Winning the Cooling Tower Trifecta: Controlling Corrosion, Scale, and Microbiological Fouling

In cooling water chemistry for power plants, it is not enough to control one or two of the major chemistry issues. Successful treatment requires simultaneous control of corrosion, scale, and microbiological fouling. These three are so strongly tied to each other that if one is allowed to go out of control, the other two soon will be.

There is a synergistic relationship among the three major cooling water treatment issues: corrosion, scale or deposit formation, and microbiological fouling. In order to control one, you need to control all three (Figure 1). And, to make things harder, sometimes the treatment strategies used to fight one side of this triangle can actually wind up enhancing another side.

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1. Scaling, biofouling, or corrosion? Answer: Yes. Courtesy: M&M Engineering Associates Inc.

Take, for example, the common use of bleach as an oxidizing biocide. At the proper cooling water pH, bleach can be an excellent biocide. Its cost and availability certainly make it the most commonly used. However, bleach is inherently corrosive. It is a nondiscriminating oxidizer. It will oxidize carbon steel as quickly as it will oxidize biofilms. Then, the roughened up surfaces of the corroded carbon steel have many more nooks and crannies and crevices available for microbiological colonies to be established in places where they can hide from the bleach. Bleach may also oxidize treatment chemicals used to minimize scaling or corrosion.

Then there’s the relationship between scaling and biocide effectiveness. Scaling deposits in condenser tubes and in the cooling tower provide excellent surfaces for biofilms to attach and microbiological colonies to develop. The biofilms consist primarily of exo-polysaccharides, which are “sticky” and will collect deposits and debris to use as a food source and to create a shelter to protect themselves from the elements and, in particular, biocides such as bleach. Some research has even shown that the biofilm structure itself creates surface conditions that promote incipient crystal formation and accelerate growth.

Of course, the fact that microbiological species accelerate corrosion is well documented. It even has its own name— microbiologically influenced corrosion (MIC)—and it is ubiquitous. Biofilms cause can cause general oxygen pitting by establishing a concentration gradient between the fully oxygenated cooling water and low-oxygen or even fully anaerobic conditions under the biofilm. The anaerobic conditions found at the base of the well-established biofilm promote the growth of anaerobic bacteria such as sulfate reducing bacteria. These bacteria convert sulfate in the cooling water to sulfide and produce an acidic hydrogen sulfide molecule that is very corrosive to a variety of steel alloys, including stainless steel and even copper alloys, which are generally more immune to attack from the aerobic bacteria. Other bacteria that grow in biofilms metabolize metals directly for energy or use metallic corrosion products.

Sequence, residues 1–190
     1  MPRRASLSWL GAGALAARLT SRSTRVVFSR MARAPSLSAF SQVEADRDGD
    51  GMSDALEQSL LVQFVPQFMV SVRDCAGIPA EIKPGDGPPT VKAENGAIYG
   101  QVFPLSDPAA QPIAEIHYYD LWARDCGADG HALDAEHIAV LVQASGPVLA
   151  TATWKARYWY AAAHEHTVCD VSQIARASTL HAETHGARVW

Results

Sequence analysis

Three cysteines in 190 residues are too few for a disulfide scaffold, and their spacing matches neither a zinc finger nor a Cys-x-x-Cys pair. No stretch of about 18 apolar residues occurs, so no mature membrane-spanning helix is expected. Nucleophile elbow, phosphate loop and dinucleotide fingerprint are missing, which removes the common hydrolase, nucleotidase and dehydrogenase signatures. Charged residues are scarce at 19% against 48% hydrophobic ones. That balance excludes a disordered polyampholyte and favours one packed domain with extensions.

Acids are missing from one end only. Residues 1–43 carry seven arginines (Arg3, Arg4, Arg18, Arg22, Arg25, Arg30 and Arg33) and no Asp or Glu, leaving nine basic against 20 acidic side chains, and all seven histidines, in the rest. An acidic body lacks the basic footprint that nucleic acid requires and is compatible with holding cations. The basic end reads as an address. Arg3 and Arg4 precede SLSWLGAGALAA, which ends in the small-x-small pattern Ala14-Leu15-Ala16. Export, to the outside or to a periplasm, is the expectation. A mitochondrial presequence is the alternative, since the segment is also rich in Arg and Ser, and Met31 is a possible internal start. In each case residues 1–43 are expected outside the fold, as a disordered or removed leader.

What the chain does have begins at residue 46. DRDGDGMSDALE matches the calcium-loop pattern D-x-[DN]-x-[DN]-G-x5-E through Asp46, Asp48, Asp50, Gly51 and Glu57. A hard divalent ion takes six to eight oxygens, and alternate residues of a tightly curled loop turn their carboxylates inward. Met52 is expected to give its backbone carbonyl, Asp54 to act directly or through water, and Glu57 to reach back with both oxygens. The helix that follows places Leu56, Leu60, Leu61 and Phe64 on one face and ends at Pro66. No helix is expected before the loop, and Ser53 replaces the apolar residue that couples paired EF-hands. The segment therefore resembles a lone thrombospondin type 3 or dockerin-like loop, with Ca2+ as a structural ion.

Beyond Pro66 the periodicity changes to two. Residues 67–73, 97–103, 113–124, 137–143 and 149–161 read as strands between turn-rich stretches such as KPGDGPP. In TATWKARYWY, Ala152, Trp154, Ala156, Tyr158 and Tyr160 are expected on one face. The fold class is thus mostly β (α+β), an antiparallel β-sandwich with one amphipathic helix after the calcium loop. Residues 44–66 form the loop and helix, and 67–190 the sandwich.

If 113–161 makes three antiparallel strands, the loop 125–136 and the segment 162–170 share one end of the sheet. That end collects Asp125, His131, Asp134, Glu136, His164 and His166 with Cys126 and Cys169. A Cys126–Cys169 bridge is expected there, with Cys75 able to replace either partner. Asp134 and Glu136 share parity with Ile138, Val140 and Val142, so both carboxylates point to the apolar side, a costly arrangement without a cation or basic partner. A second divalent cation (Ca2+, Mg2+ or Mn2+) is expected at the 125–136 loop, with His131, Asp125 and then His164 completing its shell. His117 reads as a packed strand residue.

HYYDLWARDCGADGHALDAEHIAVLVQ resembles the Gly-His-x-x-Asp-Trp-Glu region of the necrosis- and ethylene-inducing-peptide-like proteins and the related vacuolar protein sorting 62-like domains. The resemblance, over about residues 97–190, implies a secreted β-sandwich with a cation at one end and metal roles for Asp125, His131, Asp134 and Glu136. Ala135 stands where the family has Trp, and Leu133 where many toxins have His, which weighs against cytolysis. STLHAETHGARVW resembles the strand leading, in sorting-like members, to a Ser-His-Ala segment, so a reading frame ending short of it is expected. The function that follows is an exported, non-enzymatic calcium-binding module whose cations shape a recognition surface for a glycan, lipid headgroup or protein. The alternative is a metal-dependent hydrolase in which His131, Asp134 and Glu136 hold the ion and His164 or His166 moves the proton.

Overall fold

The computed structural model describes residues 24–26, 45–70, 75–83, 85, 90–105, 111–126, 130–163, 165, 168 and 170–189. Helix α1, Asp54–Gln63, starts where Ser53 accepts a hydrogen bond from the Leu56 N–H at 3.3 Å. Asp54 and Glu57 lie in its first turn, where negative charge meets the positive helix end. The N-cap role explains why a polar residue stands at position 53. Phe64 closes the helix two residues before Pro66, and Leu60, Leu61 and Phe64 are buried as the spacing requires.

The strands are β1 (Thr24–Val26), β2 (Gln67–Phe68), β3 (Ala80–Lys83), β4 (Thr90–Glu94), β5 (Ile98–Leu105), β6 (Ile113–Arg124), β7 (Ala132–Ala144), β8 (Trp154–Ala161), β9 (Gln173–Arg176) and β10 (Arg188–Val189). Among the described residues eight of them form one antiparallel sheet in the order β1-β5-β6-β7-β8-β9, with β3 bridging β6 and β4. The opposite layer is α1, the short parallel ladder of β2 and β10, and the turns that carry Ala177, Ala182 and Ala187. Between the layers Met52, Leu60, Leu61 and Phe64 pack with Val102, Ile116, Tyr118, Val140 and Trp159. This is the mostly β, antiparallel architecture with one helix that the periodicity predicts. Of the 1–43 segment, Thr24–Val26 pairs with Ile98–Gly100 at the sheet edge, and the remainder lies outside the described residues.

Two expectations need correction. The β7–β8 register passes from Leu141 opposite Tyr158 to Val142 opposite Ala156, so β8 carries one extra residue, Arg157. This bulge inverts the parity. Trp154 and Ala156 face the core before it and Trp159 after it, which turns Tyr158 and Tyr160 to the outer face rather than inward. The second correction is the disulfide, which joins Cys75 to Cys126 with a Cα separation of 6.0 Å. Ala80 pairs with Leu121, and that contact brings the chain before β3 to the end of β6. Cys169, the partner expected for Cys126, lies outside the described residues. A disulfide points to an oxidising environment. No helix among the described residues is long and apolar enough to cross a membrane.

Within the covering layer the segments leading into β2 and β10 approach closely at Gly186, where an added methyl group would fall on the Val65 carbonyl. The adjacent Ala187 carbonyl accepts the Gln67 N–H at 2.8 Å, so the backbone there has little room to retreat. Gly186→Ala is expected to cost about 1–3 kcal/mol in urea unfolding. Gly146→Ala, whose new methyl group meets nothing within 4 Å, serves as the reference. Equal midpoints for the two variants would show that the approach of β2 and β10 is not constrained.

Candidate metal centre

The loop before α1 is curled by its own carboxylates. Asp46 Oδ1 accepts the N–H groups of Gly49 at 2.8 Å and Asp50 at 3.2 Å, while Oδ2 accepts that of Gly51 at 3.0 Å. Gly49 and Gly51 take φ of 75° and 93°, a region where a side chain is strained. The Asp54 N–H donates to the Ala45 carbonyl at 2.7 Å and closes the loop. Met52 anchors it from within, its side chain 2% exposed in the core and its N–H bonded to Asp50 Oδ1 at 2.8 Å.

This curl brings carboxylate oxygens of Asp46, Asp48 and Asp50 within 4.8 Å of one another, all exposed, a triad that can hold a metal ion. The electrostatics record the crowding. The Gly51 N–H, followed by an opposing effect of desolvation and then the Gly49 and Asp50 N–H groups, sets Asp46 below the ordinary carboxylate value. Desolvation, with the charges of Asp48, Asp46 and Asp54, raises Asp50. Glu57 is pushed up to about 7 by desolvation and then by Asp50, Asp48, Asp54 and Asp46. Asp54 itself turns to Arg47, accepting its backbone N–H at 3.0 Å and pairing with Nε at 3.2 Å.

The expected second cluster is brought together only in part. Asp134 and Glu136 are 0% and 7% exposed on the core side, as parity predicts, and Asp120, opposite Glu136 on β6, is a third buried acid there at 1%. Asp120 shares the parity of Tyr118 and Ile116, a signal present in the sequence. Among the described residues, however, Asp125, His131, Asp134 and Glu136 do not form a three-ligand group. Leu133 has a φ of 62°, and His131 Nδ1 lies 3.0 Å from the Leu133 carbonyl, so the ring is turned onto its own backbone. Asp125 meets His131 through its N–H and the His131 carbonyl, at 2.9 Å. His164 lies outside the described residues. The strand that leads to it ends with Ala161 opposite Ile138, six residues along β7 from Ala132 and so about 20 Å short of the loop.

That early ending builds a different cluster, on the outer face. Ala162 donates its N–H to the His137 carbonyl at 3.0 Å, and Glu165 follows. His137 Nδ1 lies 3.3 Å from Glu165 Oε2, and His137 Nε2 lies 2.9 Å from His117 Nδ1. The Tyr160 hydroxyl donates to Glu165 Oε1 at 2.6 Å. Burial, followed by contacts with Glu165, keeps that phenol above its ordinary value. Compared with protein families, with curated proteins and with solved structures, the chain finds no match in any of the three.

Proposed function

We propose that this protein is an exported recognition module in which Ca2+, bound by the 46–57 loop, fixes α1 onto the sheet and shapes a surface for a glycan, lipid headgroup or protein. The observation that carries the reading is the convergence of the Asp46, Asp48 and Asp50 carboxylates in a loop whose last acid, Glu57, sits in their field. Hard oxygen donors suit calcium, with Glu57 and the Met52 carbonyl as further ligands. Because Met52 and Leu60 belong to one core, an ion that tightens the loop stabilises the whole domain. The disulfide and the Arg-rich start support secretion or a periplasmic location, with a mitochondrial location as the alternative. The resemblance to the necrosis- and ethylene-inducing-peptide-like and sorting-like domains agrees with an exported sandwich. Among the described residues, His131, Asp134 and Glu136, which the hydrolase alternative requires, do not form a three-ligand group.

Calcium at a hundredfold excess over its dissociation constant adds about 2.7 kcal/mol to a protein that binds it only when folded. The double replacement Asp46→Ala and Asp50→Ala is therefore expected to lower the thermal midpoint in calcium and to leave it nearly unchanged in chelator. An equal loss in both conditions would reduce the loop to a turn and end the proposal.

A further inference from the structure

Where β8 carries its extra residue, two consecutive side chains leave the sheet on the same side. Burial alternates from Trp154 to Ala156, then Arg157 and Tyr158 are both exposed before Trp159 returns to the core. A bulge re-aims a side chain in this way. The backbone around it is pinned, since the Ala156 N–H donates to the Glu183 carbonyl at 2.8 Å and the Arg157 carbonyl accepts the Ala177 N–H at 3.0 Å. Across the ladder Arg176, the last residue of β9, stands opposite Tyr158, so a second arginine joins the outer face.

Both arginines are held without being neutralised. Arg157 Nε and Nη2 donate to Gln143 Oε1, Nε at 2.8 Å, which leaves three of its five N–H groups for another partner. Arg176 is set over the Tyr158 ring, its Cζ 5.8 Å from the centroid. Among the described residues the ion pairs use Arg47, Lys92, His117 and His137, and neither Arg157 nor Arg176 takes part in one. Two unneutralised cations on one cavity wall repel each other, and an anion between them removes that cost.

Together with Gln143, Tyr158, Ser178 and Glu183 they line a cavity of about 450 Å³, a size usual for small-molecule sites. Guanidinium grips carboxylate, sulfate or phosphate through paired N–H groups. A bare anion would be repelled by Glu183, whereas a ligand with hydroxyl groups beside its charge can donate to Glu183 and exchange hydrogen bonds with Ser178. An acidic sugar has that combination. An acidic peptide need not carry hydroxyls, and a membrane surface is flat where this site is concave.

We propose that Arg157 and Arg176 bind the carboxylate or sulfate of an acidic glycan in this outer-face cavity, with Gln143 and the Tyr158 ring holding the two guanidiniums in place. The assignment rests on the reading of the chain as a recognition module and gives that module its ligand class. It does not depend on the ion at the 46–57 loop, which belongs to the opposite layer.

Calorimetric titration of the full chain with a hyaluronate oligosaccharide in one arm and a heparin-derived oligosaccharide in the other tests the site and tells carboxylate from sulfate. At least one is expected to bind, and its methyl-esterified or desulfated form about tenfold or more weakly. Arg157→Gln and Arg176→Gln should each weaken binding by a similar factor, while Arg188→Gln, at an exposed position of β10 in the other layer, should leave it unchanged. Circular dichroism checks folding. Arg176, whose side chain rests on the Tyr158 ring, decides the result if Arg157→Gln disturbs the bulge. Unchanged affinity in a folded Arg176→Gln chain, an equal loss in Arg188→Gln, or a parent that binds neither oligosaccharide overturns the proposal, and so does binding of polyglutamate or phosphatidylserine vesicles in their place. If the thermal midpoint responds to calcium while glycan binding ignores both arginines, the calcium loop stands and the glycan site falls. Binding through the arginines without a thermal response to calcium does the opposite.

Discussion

Now that we see how these three factors work together to cause trouble in cooling systems, let’s attack each individually and review aspects of a good cooling water program that achieves control of all three.

How to Control Biofilms in a Cooling System

Besides the specter of MIC chewing on the metallic parts of your cooling system (Figure 2), accumulations of biofilms also inhibit heat transfer in the condenser tubes and can accumulate on cooling tower fill to the point where it can collapse the fill support and cause significant damage to a cooling tower.

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2. When being green is bad. Control of microbiological fouling is critical. Courtesy: M&M Engineering Associates Inc.

The key to maintaining control over microbiological populations in power plant cooling water is to provide a consistent level of treatment throughout the year (see sidebar). That is, the treatment needs to be consistently effective. The actual concentrations of biocide required to provide this level of treatment may change significantly, depending on cooling water conditions and the environment.

Cleaning or Maintaining? I’m indebted to one expert in this field for a statement I’ve used many times in discussing cooling water treatment with clients. George Licina of Structural Integrity taught me: “It’s just like your mother told you—it’s easier to keep your room clean than to get your room clean.” The same goes for your cooling water system: Consistent application of the right amount of biocide or biocides for the conditions in your cooling water will keep your “room clean” and help control scaling and corrosion (Figure 3).

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3. Clean bill of health. A clean cooling tower is a good sign that corrosion, scale, and microbiological fouling are under control. Courtesy: M&M Engineering Associates Inc.

Some power plants find that they can shock treat the cooling water system for an hour a day during most of the year and cut back to once or twice a week during the winter while still properly controlling biofouling in their system. Other power plants not only require daily or even continuous feed of bleach but also need to add additional nonoxidizing biocides during the summer months.